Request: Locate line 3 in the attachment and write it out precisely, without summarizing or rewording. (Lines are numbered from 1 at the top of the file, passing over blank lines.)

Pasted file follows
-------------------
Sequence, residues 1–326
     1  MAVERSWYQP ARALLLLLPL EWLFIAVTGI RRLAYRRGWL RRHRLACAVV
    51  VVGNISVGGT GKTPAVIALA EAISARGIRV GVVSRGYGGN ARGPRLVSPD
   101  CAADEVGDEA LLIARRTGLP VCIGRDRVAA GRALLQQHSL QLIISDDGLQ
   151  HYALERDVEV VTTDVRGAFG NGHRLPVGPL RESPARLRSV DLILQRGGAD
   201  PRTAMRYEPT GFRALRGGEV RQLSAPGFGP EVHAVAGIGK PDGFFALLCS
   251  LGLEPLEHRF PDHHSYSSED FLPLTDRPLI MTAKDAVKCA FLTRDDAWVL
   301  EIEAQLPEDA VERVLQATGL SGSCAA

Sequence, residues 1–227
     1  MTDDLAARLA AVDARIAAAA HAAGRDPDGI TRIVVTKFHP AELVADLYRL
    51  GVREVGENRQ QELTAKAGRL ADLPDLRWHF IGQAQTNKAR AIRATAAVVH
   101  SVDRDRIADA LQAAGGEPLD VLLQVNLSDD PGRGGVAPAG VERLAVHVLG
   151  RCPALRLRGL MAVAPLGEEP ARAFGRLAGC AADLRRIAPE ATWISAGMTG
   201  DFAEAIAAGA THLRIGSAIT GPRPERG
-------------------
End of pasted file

    51  VVGNISVGGT GKTPAVIALA EAISARGIRV GVVSRGYGGN ARGPRLVSPD